4/23/2016 The Economist
THE radio in the office of José Antonio González is tuned to one of the American classical-music stations that he loves. The sounds may be relaxing, but the firm Mr González has led since February—Pemex, Mexico’s state-owned oil company—is in crisis. On April 13th the Mexican government was forced to respond to the firm’s troubled finances with a 73.5 billion peso ($4.2 billion) aid package and a 50 billion peso tax cut. This week Mr González headed to New York to soothe the fears of banks and rating agencies.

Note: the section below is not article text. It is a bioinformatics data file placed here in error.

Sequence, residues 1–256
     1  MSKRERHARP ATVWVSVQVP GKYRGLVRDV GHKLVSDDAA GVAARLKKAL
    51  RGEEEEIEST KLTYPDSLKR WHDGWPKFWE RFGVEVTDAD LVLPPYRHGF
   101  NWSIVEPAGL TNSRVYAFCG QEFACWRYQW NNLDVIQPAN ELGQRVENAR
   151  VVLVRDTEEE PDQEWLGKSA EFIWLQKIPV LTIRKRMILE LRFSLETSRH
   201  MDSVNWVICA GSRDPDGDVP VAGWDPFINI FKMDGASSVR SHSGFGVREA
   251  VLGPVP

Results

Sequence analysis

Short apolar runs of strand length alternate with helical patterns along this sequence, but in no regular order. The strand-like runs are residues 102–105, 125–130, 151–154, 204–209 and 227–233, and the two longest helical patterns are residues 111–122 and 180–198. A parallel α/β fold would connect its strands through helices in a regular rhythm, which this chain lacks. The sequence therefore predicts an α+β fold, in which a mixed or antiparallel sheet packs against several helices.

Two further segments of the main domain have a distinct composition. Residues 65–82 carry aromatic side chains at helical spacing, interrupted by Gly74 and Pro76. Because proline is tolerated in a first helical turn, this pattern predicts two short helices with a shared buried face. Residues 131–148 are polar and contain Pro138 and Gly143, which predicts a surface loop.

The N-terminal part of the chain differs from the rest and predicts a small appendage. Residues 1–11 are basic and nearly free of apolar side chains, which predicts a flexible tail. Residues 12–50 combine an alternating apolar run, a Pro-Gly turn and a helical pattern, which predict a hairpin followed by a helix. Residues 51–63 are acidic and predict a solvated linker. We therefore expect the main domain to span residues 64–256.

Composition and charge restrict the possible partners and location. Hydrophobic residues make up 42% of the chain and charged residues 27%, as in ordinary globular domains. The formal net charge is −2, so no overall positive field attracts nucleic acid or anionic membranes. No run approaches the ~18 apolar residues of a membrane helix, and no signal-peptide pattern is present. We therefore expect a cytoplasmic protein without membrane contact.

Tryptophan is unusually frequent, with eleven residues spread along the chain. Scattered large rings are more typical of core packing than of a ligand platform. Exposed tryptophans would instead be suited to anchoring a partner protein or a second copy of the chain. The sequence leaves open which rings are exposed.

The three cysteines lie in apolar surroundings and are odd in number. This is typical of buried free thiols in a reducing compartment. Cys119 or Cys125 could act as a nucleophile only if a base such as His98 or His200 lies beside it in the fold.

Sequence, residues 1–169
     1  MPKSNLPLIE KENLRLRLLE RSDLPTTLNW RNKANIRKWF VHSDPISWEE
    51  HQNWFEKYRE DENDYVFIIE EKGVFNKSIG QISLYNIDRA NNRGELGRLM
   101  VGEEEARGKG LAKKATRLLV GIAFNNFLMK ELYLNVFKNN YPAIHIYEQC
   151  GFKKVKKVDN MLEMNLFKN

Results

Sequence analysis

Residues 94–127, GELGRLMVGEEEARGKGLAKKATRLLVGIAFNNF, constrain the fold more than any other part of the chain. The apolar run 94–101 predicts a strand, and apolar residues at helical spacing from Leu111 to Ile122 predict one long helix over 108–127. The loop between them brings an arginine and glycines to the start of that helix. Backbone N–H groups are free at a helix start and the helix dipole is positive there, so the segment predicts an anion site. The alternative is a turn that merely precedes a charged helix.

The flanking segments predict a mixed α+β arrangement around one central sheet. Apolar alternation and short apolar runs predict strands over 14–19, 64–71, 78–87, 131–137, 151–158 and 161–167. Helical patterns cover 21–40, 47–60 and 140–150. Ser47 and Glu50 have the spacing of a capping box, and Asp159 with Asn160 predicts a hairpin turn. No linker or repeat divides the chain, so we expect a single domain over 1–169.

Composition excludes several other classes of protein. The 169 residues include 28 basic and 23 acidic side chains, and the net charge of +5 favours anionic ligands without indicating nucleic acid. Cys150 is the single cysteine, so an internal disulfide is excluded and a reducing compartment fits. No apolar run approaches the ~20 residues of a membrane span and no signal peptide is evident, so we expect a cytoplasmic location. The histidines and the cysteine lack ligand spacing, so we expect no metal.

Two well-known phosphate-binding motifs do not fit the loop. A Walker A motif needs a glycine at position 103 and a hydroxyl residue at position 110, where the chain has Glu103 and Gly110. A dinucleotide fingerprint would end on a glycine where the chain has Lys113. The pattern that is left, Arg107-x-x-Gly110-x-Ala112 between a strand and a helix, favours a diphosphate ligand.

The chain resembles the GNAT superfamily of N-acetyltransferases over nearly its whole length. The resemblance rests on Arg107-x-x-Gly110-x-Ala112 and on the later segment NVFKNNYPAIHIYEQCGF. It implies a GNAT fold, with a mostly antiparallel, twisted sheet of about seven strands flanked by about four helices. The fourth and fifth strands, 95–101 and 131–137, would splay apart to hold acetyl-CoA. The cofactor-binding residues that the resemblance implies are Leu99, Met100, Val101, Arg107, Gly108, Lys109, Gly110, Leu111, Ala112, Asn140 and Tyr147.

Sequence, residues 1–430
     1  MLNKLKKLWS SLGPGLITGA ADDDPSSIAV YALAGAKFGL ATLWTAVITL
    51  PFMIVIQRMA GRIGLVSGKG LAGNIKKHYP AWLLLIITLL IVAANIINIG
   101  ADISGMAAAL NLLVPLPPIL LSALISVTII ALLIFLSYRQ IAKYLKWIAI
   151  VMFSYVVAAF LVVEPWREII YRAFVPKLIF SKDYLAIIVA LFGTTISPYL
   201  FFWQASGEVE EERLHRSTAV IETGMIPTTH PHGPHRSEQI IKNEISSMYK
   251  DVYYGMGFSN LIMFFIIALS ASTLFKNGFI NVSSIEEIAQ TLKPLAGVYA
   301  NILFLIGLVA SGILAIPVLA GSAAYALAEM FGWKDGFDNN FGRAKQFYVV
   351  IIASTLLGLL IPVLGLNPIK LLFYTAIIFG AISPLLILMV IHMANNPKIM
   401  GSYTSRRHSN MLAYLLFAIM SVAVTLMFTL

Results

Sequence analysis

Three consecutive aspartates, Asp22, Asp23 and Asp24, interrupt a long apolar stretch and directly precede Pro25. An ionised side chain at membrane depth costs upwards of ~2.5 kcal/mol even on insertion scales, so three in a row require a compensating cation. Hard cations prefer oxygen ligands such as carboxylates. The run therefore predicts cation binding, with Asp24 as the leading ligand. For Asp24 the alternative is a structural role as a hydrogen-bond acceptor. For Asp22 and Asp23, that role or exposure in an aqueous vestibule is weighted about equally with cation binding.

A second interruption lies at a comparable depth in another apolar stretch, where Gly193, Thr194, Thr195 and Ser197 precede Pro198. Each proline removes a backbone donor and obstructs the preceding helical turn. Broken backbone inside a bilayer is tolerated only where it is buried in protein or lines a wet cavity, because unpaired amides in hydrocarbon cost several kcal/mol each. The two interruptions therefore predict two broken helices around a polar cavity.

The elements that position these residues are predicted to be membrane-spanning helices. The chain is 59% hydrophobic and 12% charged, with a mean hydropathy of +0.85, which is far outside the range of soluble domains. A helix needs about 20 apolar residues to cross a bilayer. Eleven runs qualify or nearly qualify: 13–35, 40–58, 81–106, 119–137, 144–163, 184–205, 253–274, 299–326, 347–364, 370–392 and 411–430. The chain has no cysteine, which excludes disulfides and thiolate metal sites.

They will take some persuading. Pemex’s crude production fell last year to 2.3m barrels a day, down from a peak of 3.4m in 2004. Next year, says the finance ministry, that will probably fall to 2m—“a disaster”, says Adrián Lajous, a former Pemex chief. After taxes and royalties the company made a loss of 522 billion pesos last year. In March Moody’s cut Pemex’s credit rating by two notches to its lowest investment grade. More bad news followed on April 20th when several workers died in a blast at a Pemex facility.